Pushcart 2015: Kathleen Ossip, “Elegies” (Poetry) from Poetry Magazine, December 2013

de Kooning: "Elegy", 1939

de Kooning: “Elegy”, 1939

AMY WINEHOUSE
 
All song is formal, and you
Maybe felt this and decided
You’d be formal too. (The eyeliner, the beehive: formal.)
 
When a desire to escape becomes formal,
It’s dangerous….

The formal definition of “elegy” fits right in to this theme I insist on imposing upon the works in this volume: looking forward, looking back, either /or: the first half of a classic elegy expresses loss, the second half, hope as what was great about the lost one is incorporated into the lives of the living. I’m not sure these elegies fit that exact description. I’m not sure they need to; they do other things.

These five elegies (available online, thank you, Poetry Magazine) come from Ossip’s most recent poetry collection, The Do-Over which is, she said in a Bookslut interview before the book was completed, centered on her own loss of a family member dear to her.

In this section she elegizes a series of public figures: Amy Winehouse, Steve Jobs, Troy Davis, Lucian Freud, and Donna Summer. That’s a wide variety of death there; just the names generate a series of feelings ranging from pity over a life lost too soon to anger over injustice to admiration of talent or accomplishment to a sort of embarrassed nostalgia (come on, you loved disco and you know it). Maybe we feel all those things at once, and much more, with the death of anyone close to us.

TROY DAVIS
 
The clock is obdurate,
Random, and definite.
Obdurate the calendar.
You thump on the cot: another signature.
 
Did it didn’t do it would do it again.
And if a deferred dream dies? Please sign the petition.

In most, there’s an italicized word or phrase: “Understood by music”; “deferred”; “All”. Do these relate to the elegized, to the elegist, to the society that saw the passing of these figures? Words are also repeated, and unexpected words: “Obdurate” and “signature” in Troy Davis’ elegy. Who was it that was obdurate? Davis was, as he maintained his innocence even as sat in the execution chamber. So was the State, who didn’t care about conflicting eyewitness stories and possible coercions. Signatures on petitions to stay the execution were more numerous but less powerful than the signatures that authorized the State to kill him. The italicized “deferred” in this poem breaks my heart; so much is deferred in Davis’ life/death story, not the least of which is our own humanity when we – and it is we, since we allow it – push the plunger on the fatal syringe.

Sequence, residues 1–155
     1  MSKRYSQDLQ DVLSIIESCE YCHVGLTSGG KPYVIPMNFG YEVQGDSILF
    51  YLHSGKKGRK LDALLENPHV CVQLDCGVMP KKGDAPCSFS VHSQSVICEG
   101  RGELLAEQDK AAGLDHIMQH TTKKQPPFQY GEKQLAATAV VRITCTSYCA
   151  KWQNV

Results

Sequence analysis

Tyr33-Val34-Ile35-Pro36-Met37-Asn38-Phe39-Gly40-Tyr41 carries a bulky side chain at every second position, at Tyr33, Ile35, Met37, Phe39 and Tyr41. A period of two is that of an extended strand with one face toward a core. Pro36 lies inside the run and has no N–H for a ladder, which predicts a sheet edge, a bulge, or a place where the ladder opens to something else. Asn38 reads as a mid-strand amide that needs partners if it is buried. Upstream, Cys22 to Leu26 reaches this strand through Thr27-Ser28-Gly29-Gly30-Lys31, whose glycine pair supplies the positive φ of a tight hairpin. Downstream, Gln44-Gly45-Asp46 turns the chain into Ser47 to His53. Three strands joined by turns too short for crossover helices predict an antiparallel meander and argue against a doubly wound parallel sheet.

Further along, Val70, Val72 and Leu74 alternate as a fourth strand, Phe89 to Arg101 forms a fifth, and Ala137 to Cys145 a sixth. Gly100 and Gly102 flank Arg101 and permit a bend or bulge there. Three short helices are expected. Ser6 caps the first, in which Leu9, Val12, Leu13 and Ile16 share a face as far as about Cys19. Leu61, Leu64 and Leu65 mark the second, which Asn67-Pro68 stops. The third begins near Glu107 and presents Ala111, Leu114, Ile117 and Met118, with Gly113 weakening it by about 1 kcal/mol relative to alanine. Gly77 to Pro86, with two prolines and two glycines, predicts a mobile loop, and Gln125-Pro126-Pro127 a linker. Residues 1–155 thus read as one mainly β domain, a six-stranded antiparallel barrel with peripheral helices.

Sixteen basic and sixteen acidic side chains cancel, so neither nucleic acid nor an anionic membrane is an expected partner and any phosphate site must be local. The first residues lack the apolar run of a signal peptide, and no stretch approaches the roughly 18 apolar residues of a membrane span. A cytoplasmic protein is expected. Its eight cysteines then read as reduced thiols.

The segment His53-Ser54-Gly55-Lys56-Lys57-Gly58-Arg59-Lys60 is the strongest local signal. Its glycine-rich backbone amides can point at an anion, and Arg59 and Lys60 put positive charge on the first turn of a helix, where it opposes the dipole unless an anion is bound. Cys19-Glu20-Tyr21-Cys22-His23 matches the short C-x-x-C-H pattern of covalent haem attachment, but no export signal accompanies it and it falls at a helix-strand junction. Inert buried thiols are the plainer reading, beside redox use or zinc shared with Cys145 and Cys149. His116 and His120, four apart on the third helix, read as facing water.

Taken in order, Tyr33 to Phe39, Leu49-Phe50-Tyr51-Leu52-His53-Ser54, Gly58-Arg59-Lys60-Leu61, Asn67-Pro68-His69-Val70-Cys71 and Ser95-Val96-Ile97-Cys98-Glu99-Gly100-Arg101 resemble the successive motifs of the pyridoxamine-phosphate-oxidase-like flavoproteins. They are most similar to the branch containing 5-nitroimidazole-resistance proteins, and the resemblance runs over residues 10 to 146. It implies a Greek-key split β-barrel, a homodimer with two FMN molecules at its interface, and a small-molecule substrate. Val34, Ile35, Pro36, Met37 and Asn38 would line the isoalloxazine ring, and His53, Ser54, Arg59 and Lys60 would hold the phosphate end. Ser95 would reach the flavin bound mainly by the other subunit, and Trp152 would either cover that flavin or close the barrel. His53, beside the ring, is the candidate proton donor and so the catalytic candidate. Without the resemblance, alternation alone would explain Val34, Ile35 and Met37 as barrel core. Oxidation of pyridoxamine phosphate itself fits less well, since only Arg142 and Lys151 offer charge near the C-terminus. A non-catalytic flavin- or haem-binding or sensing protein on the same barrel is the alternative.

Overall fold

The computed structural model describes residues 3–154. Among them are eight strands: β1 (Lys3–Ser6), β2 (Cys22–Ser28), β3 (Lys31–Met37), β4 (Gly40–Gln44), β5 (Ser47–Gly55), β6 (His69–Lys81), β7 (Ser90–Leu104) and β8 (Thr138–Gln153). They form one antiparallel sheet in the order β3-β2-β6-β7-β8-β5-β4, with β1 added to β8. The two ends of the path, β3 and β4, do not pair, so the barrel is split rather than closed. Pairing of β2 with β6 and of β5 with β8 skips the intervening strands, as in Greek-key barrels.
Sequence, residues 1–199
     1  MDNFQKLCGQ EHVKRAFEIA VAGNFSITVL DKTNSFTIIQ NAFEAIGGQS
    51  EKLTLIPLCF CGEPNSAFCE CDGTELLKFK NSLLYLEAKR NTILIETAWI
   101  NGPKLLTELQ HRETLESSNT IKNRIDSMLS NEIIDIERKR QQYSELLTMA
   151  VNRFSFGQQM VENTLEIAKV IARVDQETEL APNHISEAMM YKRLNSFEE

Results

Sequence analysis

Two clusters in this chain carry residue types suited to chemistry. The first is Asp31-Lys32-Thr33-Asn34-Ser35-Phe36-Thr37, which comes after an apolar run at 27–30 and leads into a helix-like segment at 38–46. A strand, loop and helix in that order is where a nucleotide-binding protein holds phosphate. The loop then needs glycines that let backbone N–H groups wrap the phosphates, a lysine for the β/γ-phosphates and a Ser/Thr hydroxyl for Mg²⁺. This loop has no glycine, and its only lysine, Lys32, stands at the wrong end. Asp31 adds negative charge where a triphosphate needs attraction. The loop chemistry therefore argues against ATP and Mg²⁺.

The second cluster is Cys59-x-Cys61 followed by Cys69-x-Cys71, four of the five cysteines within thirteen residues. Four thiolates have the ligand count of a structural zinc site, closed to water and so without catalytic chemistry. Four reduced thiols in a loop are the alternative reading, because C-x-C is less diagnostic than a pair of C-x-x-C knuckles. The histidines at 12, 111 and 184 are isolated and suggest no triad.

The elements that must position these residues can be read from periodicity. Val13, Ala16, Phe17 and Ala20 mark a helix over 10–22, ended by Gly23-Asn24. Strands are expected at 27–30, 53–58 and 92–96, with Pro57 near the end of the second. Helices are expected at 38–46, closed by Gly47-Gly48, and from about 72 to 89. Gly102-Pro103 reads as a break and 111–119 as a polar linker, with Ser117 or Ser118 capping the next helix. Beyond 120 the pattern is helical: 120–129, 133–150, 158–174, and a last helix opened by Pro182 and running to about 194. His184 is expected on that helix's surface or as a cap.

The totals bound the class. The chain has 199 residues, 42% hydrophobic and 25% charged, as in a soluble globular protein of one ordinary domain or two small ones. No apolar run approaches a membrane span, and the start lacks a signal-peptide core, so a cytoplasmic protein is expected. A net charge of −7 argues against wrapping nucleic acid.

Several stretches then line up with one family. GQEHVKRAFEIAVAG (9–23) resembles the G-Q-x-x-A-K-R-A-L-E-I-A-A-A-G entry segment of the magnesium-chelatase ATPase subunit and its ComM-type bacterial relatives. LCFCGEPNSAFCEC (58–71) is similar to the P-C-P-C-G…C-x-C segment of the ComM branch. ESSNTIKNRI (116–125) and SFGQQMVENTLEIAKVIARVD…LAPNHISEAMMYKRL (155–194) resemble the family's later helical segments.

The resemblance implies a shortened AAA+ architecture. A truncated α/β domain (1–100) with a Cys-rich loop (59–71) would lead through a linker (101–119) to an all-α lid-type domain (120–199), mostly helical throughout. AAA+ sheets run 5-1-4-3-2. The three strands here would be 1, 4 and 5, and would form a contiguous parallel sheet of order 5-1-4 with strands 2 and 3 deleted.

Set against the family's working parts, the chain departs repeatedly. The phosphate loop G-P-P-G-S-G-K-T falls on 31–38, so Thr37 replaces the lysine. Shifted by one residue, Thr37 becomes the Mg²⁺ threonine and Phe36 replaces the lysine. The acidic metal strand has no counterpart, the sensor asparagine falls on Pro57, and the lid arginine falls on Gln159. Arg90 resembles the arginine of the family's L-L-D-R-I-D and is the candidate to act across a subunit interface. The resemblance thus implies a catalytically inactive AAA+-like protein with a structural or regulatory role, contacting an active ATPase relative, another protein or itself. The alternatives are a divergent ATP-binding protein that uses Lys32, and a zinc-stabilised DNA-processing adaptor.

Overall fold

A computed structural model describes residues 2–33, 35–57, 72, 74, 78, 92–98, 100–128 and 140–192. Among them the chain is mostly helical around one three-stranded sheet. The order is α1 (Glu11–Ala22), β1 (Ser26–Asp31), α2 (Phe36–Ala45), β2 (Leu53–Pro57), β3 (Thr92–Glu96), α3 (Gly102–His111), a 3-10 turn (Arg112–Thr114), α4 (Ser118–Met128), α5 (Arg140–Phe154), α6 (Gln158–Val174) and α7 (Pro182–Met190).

I also see a lot of wordplay in these pieces: “Effects worth undertaking” in Lucien Freud wouldn’t have the same connotation if not in an elegy; “Vengeance is mind says the body” fits Steve Jobs perfectly, as does the repetition of “silver” in multiple forms throughout. Does “silver” have some innate connection to him? Does “silverish” bring to mind imitation, or “silverfish” – book-destroying bugs (bugs!). I’m not sure if it’s seemly to feel such delight as I felt in these elegies, but I admire the thought that went into them, each word, each phrase.

But let’s not leave out the most obvious, wordplay of all: each poem is an acrostic with the subject’s name as the spine word. For some reason, that feels like overkill to me, though I do love a crostic (to which my own obsession with mesostics will attest), and the use of restriction seems both appropriate, and counterappropriate, to an elegy. Death is the ultimate stricture on all of us – or maybe life is. Perhaps death is also the most freeing moment of human existence. Looking back, or looking forward? Is looking the operative word?

There is a sort of elegiac turn in the poems, though not necessarily from grief to hope. It’s more a turn from the departed, to the bereaved. Ossip’s Bookslut interview, done before the book was completed, shows this is a possibility, as she talks with Joseph Harrington about who’s voice dominates an elegy:

Ossip:…the peril of writing an elegy is that you’re going to insert yourself into it and make it not about the other person but about your own grief…. — your grief is part of the story, too. So that’s maybe an honest way — or another honest way — of approaching an elegy, because you know your own grief in a way that you can never know another person….
Harrington: I think that’s true about elegy; it’s about surviving the other person.
Ossip: And it’s about the voice of the bereaved.

All of these high-profile deaths occurred between July 2011 and May 2012; the collection was published this year, but apparently was completed in 2013. I wonder if that was the period during which Ossip was dealing with the death of someone dear to her, or if they were chosen in retrospect. That feels significant to me as well. Inward, outward; forward, back; which way was she looking? Which way do we look as we read them?

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